March 4, 2024 at 3:37 pm

New Study Shows Atlantic Ocean’s Main Current Is Set To Collapse And The World Could Get A Lot Colder As A Result

by Trisha Leigh

Source: Wikimedia Commons

As if we need one more climate-related concern – especially related to the ocean – to worry about, it seems the main global current in the Atlantic Ocean is reaching a tipping point.

And yeah, it kind of seems like a big deal.

It’s called the Atlantic Meridional Overturning Circulation (AMOC). Sometimes referred to as “the conveyor belt of the ocean,” the current carries warm water from the tropics into the North Atlantic – and its collapse will have profound impacts on the world’s climate.

The AMOC plays a primary role in pushing heat and freshwater through the Atlantic using deep and near-surface currents. It transfers warm and salty surface water north, where it cools and forms sea ice at the North Pole.

Source: Woods Hole Oceanographic Institution

What’s left sinks and is carried back south deep below the surface, completing the cycle.

This helps facilitate warmer weather conditions in Northwest Europe and the North Atlantic, meaning that those parts of the world would (will?) be a lot colder without its help.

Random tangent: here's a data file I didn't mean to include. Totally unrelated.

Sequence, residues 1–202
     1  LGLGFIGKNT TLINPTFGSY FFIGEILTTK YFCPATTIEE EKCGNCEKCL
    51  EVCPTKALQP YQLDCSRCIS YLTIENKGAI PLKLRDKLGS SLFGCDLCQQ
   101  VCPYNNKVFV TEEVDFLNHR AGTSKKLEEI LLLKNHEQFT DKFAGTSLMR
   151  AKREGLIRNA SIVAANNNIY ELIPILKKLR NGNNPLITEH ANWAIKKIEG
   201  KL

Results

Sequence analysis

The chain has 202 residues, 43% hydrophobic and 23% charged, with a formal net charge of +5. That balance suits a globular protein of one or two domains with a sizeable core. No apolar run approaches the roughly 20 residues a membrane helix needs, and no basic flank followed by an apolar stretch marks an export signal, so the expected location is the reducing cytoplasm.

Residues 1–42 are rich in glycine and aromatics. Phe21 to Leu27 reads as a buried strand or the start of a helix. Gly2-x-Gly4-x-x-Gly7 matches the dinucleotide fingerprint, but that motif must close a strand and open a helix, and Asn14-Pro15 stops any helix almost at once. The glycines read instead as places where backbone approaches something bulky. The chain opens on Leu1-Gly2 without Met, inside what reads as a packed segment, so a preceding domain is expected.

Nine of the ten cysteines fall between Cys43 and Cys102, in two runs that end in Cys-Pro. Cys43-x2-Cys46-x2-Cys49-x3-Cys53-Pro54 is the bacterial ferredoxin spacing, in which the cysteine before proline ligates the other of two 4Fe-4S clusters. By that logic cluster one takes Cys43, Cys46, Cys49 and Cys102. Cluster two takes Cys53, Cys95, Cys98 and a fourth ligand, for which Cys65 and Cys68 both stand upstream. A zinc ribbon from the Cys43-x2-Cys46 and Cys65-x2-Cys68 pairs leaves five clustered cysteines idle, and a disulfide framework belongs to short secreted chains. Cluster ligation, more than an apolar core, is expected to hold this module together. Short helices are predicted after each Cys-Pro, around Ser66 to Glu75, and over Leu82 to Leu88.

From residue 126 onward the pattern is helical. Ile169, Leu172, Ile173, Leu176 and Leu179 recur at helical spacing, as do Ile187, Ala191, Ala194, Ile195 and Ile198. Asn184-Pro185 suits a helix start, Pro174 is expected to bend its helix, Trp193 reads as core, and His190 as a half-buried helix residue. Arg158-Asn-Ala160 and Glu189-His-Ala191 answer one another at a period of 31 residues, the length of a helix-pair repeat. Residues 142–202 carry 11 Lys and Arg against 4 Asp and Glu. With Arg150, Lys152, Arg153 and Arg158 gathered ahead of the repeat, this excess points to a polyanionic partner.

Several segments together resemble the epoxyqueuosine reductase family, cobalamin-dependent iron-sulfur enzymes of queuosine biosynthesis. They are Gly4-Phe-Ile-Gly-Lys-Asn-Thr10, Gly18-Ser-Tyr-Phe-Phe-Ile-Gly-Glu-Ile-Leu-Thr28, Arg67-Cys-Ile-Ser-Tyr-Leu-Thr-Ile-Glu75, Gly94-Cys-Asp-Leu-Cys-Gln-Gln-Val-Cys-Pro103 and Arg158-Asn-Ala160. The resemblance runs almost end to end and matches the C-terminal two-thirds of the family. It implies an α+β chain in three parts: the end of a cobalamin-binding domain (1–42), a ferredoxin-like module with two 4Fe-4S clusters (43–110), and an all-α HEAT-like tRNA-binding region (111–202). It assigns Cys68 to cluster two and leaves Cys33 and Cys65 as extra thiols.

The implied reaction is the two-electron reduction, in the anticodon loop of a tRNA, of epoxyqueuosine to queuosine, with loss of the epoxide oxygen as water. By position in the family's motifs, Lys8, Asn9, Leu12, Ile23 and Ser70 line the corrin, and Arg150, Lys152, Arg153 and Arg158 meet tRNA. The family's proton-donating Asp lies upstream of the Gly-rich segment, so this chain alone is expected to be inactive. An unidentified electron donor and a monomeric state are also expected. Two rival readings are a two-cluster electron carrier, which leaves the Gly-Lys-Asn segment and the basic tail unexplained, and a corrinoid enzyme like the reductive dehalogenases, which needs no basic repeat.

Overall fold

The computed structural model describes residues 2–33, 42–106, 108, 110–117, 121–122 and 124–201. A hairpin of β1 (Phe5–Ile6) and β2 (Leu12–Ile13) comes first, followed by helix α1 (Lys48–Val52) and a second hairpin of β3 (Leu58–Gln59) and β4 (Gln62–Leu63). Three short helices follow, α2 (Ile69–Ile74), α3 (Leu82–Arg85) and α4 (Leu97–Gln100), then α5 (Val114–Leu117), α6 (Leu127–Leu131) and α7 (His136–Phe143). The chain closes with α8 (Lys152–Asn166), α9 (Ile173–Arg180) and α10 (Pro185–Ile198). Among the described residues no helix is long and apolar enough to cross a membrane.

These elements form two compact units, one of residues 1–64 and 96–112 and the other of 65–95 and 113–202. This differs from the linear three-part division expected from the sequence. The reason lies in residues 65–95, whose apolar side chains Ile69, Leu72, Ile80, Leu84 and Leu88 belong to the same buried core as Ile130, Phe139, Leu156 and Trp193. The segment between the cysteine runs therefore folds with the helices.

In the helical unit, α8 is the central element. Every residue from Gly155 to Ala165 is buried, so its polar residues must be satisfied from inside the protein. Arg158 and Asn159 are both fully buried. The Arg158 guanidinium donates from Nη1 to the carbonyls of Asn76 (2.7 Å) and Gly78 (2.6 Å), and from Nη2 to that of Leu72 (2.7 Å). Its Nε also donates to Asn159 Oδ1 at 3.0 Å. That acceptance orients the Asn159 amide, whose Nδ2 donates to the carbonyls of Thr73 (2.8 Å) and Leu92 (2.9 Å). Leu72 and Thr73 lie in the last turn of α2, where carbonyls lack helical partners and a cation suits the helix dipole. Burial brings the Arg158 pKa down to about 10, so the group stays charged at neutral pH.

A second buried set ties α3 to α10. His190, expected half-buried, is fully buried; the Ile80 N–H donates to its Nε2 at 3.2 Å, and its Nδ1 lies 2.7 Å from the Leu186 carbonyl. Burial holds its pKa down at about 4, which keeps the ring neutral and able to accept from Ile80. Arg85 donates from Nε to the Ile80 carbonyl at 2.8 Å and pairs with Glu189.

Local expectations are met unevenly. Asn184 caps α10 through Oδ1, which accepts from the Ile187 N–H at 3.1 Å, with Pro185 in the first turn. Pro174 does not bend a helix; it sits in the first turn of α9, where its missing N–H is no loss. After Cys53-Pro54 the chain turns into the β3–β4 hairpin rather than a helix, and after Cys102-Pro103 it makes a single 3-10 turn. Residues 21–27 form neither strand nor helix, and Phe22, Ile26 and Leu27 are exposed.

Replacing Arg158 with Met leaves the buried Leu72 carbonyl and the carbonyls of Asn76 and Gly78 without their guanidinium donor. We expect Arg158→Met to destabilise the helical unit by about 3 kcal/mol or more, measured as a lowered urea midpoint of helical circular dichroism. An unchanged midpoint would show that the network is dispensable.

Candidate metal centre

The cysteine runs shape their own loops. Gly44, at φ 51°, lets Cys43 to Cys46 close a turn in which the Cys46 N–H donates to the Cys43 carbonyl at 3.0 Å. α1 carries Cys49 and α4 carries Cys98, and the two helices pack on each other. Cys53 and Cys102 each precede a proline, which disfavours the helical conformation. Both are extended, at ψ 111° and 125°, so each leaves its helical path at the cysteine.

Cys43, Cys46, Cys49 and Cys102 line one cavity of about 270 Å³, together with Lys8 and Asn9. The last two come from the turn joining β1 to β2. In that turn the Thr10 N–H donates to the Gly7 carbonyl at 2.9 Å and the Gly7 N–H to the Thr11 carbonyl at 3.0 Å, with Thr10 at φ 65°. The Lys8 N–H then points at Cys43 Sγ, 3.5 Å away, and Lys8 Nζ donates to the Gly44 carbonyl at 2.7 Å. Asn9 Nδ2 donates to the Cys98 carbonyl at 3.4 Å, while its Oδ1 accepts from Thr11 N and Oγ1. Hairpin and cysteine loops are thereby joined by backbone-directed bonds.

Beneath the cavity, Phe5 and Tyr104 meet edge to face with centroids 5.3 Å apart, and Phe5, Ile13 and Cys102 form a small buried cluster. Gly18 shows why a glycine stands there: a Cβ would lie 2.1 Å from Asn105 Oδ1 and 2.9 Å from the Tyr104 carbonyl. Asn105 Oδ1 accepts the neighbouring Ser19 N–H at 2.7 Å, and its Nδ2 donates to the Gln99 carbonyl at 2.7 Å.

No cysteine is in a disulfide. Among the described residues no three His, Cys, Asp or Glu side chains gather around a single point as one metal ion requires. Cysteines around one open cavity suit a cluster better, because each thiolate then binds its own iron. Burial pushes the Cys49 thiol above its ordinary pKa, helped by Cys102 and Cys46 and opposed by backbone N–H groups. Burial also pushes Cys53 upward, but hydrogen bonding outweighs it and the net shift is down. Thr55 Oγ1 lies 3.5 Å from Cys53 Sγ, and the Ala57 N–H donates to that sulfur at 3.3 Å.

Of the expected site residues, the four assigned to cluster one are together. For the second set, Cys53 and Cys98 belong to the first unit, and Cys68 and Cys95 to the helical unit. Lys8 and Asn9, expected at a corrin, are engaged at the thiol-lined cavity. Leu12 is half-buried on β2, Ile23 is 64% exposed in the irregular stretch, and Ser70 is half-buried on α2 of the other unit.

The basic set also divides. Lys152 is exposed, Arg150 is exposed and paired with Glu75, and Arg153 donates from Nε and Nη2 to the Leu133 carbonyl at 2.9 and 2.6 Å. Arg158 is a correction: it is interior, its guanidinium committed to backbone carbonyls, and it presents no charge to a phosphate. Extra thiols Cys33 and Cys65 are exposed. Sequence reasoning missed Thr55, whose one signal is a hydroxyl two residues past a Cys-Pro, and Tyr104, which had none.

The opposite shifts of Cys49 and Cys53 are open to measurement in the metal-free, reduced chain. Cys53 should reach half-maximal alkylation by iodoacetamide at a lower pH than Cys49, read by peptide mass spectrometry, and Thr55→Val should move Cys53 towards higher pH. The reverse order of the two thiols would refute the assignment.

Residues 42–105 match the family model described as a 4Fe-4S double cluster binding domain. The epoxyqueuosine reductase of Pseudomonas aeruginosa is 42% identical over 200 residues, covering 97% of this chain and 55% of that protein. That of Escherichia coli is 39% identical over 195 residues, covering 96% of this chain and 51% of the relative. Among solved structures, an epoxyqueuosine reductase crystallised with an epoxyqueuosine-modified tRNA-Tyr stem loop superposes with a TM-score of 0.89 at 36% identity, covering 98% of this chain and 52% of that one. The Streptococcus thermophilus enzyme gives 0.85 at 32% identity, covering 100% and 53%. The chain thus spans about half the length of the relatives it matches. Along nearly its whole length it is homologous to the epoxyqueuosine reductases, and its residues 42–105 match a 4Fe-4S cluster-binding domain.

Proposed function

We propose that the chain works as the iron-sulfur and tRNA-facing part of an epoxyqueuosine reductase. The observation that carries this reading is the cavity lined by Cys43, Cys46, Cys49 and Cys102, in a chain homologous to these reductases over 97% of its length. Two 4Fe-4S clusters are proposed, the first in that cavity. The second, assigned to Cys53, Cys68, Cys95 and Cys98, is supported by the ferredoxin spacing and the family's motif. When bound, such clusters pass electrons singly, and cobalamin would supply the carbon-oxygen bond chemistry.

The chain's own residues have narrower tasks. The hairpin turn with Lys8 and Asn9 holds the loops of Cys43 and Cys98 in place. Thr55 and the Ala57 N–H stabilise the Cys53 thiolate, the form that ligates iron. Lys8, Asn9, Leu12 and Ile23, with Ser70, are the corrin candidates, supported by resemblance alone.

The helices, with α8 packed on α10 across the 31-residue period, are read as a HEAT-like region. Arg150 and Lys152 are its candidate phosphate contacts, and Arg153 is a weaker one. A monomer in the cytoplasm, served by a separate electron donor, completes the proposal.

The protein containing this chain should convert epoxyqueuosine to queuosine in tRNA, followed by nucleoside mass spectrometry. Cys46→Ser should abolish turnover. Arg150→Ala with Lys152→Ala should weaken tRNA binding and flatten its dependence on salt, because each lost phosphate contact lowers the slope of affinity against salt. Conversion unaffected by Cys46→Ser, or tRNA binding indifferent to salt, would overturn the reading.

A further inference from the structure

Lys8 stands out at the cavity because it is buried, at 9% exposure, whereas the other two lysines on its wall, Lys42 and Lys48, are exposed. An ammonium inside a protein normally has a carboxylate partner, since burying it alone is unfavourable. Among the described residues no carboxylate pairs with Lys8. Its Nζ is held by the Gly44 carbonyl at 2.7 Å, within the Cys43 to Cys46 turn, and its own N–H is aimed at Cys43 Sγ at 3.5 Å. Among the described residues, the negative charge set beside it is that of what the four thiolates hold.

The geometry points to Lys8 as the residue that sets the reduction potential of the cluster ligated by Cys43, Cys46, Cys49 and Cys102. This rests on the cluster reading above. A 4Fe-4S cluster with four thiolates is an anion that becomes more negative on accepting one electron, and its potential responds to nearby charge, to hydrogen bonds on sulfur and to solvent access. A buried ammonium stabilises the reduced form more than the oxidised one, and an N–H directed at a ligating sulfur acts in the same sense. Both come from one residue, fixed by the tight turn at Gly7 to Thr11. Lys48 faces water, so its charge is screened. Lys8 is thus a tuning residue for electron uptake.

Studies have shown the AMOC is slowing down, flowing at its weakest rate for centuries, as the climate crisis deepens.

The latest research suggests it could collapse in as little as a decade, though that fact is still hotly debated.

Scientists at the Utrecht University in the Netherlands claim they’ve found a way to detect an early warning sign that the AMOC is facing imminent collapse.

Source: Shutterstock

To find it, they ran a computational model that simulates the flow of surface freshwater around the North Atlantic over the past 2,200 years.

The key takeaway is that the movement of the freshwater around the 34th parallel south, the southern boundary of the Atlantic, could help predict this collapse. This is because the minimum amount of freshwater being shifted upward will drastically decline, verifying that the collapse will happen within the next two decades.

The bottom line is that their findings support others that claim “the present-day AMOC is on route to tipping.”

“The results here give a clear answer to a long-standing problem around in the climate research community concerning the existence of AMOC tipping behavior in GCMs (global climate models).”

Source: Wikimedia Commons

They went on to detail the gloom and doom.

“Yes, it does occur in these models. This is bad news for the climate system and humanity as up until now one could think that AMOC tipping was only a theoretical concept and tipping would disappear as soon as the full climate system, with all it’s additional feedbacks, was considered.”

They did not give a specific date and time when this tipping point would occur, but have warned that its eventual collapse will “dramatically” upset the distribution of heat across the oceans.

If you think that’s impressive, check out this story about a “goldmine” of lithium that was found in the U.S. that could completely change the EV battery game.